Secondly, there is a key externality in the treatment of the ‘access budget’ generated from the ‘OFFA regulated wedge’ of fee income above £6,000. When the upper limit was set at £3,000, the wedge was between £1,000 and £3,000 (so £2,000). Now it is a wedge of £3,000. There can be no simple proportional adjustment here, but a figure for the new ‘regulated wedge’ would need to be chosen, and it’s bound to be in the £1,000-£2,000 range. This will lead to significant reduction in regulated access spending that could cancel out the benefits of the maintenance grant increases now promised by Labour.
One way to mitigate this would be for Labour to insist on the removal of all remaining ‘fee waivers’ in the system – so as to concentrate resources on ‘grant type’ support (as well as outreach) – but this rather plays against their fee reduction / debt reduction narrative.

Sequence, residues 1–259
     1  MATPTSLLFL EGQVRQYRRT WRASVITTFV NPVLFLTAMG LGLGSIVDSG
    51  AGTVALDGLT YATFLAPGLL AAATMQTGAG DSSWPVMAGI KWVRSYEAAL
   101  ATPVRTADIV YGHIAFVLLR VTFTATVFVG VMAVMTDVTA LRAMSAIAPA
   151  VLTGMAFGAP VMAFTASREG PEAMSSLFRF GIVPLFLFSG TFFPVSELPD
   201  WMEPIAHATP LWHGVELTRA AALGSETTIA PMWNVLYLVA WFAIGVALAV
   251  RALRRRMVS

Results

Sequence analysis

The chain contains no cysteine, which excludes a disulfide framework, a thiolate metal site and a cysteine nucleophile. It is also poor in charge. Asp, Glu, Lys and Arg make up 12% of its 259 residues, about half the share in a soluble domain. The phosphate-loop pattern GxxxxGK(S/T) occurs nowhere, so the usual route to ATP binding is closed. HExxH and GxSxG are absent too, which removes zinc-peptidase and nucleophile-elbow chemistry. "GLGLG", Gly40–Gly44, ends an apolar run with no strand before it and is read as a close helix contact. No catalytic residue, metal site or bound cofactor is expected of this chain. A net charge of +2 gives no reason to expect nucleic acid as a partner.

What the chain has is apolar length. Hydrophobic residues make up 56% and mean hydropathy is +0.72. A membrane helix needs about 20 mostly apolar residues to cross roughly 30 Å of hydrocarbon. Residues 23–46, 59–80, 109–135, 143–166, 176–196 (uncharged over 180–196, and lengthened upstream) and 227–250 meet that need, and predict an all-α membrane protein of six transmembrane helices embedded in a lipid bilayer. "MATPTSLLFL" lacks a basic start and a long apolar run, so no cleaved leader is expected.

Thirdly, Andrew McGettigan has a couple of other positive angles on the package that everyone else has missed, especially the potential for a fee cut to improve access for part-time study and retraining. In short, there is limited access to loans and/or more price sensitivity here, and therefore any significant reduction in the headline fee directly improves the situation. It is also arguable that having to lend less on student loans on the undergraduate side could free up lending capacity to further support postgraduates.
Taking these issues together, I think my own perspective on the actually announced package is that it creates a distinctive and credible offer from Labour going into the election. It also seeds some very positive policy thinking – but they could go further in the future.
Reflect on the fact that somebody has advocated a steeper taper on ICR loan interest rates and the sky has not fallen in, as some will have calculated. I previously said this would be ‘unpalatable’, but it looks like I was wrong – in reality it hasn’t created the slightest ripple.